Interior moves to strip gray wolf protections

The Trump administration plans to remove Endangered Species Act protections for gray wolves in the Lower 48 states, the latest in a yearslong drama that has sparked federal lawsuits and much debate.

The Fish and Wildlife Service plans to soon publish a proposed rule removing ESA protections for gray wolves, acting Interior Secretary David Bernhardt announced today at the 84th North American Wildlife & Natural Resources Conference in downtown Denver.

The rule will be published in the Federal Register and made available for public comment, Fish and Wildlife confirmed to E&E News. An Interior spokeswoman said this will be done "in the next few days."

Under the proposed rule, management for the gray wolves would be returned to the individual states, according to a statement from FWS. The new rule would not apply to the Mexican wolf, a subspecies that is separately protected as endangered, or to the red wolf, a separate species.


Bernhardt's announcement follows Fish and Wildlife's decision last summer to re-evaluate the status of the gray wolf and make a determination about whether the species has recovered enough to remove it as an endangered species (Greenwire, June 15, 2018).

"Recovery of the gray wolf under the Endangered Species Act is one of our nation's great conservation successes, with the wolf joining other cherished species, such as the bald eagle, that have been brought back from the brink with the help of the ESA," the FWS statement said.

But any proposed rule removing federal protections for gray wolves is certain to face legal challenges from environmental groups that blasted Bernhardt's announcement.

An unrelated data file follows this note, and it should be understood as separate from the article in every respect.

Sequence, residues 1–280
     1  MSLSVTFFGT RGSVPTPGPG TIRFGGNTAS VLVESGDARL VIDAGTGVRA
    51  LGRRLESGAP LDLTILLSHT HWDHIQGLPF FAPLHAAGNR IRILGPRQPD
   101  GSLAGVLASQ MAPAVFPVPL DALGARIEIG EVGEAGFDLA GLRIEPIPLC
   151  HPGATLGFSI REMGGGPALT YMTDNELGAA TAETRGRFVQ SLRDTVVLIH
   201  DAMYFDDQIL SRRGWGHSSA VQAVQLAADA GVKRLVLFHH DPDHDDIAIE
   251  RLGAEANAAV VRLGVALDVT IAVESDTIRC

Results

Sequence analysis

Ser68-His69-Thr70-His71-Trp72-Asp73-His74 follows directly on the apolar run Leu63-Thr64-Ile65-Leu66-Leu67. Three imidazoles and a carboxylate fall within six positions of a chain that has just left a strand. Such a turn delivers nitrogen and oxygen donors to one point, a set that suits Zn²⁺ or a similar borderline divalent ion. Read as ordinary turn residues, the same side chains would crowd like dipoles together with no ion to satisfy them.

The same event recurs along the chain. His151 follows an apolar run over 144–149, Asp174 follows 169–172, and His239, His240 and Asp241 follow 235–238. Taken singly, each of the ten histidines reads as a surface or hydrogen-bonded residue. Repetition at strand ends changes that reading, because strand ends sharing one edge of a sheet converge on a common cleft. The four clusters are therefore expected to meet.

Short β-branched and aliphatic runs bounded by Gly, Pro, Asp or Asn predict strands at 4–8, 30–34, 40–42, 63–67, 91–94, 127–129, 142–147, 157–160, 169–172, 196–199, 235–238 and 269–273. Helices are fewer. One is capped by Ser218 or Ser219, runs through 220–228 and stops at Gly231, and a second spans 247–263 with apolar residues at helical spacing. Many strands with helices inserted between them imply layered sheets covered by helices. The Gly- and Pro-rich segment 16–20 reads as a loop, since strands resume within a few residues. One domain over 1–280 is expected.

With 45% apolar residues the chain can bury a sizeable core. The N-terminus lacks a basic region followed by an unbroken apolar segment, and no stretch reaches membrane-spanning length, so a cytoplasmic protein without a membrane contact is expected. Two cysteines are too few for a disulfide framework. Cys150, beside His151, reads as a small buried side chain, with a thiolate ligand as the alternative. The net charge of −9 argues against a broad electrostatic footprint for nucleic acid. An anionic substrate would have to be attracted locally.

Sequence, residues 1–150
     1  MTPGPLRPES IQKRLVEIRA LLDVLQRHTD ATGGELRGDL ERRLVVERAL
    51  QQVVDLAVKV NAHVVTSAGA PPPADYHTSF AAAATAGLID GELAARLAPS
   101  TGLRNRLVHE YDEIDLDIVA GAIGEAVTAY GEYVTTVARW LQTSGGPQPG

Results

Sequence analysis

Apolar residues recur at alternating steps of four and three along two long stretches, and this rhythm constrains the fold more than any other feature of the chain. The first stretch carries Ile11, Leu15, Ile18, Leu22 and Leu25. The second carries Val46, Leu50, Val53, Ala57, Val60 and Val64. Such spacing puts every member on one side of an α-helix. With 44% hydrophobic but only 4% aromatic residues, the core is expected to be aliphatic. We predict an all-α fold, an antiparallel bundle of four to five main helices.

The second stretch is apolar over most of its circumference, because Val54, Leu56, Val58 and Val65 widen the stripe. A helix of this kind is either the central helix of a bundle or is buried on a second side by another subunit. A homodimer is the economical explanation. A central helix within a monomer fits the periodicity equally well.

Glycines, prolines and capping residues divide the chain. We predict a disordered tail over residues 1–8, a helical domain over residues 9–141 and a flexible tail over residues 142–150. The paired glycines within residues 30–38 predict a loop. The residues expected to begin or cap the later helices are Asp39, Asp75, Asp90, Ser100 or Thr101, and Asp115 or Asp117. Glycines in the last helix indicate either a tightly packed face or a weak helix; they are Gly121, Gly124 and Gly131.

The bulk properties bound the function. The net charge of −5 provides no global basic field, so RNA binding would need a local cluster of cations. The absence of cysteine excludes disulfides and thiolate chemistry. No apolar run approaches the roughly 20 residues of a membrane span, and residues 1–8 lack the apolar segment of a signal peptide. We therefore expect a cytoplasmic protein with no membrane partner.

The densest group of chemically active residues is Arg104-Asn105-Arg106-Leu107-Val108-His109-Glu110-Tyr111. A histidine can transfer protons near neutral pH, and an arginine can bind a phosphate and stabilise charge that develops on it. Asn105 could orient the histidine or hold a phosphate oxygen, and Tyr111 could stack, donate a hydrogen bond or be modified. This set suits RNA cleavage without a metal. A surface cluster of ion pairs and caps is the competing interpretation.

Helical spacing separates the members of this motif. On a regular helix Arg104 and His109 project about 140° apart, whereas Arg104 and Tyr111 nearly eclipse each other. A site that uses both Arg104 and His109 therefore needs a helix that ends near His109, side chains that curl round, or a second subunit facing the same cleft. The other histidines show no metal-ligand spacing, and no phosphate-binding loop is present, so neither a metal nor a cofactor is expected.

"This disgusting proposal would be a death sentence for gray wolves across the country," said Collette Adkins, a senior attorney at the Center for Biological Diversity, in a statement. "The Trump administration is dead set on appeasing special interests that want to kill wolves. We're working hard to stop them."

Indeed, the Center for Biological Diversity last year filed a federal lawsuit in the U.S. District Court for the District of Columbia demanding that FWS not only preserve federal protections for gray wolves, but also develop a national recovery plan for the species (Greenwire, Nov. 14, 2018).

WildEarth Guardians said in a statement today that gray wolves have started to recover, but only occupy roughly 5 percent of their historic range.

Taylor Jones, WildEarth Guardians' endangered species advocate, accused the Trump administration of giving in "to powerful hunting and livestock interests" that want federal restrictions lifted.

"Wolves should remain listed until they are fully recovered and can take their place as key parts of a healthy ecosystem," Jones said.

The proposed delisting announcement comes three months after the Center for Biological Diversity and the Humane Society of the United States petitioned FWS to keep federal protections for gray wolves and develop a national recovery plan (E&E News PM, Dec. 17, 2018).

The battle over federal protections for gray wolves has been ongoing for years.

During the Obama administration, in 2011, Fish and Wildlife removed protections for gray wolves in Minnesota, Michigan and Wisconsin.

A federal court reversed that move in 2014, and an appeals court upheld the lower court's ruling in 2017 (Greenwire, Aug. 1, 2017).

FWS also removed ESA protections for gray wolves in Wyoming, but that decision was upheld in 2017 by the U.S. Court of Appeals for the District of Columbia Circuit (Greenwire, March 3, 2017).

Reporter Michael Doyle contributed.

Email: sstreater@eenews.net

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